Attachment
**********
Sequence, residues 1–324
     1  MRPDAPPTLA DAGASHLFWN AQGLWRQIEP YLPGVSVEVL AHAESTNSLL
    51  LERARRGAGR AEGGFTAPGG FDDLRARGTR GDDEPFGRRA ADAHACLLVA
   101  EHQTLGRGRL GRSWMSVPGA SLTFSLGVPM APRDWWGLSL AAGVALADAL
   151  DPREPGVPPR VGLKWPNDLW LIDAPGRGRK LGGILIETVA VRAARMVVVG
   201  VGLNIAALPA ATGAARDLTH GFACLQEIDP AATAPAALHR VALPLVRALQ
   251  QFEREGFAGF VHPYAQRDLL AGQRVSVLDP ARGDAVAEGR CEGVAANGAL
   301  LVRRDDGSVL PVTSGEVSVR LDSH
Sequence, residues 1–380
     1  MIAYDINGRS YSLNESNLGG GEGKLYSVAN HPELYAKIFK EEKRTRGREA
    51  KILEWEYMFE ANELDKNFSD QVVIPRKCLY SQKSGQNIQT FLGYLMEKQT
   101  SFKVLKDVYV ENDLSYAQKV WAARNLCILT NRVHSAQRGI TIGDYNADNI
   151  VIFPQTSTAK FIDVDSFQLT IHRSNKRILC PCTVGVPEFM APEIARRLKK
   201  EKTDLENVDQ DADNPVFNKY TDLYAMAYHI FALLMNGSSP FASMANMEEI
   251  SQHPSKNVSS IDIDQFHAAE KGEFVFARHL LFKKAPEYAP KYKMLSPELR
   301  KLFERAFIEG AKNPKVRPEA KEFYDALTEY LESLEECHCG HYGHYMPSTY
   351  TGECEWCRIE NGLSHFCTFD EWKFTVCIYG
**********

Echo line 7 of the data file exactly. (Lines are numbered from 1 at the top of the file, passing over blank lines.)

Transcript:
   251  QFEREGFAGF VHPYAQRDLL AGQRVSVLDP ARGDAVAEGR CEGVAANGAL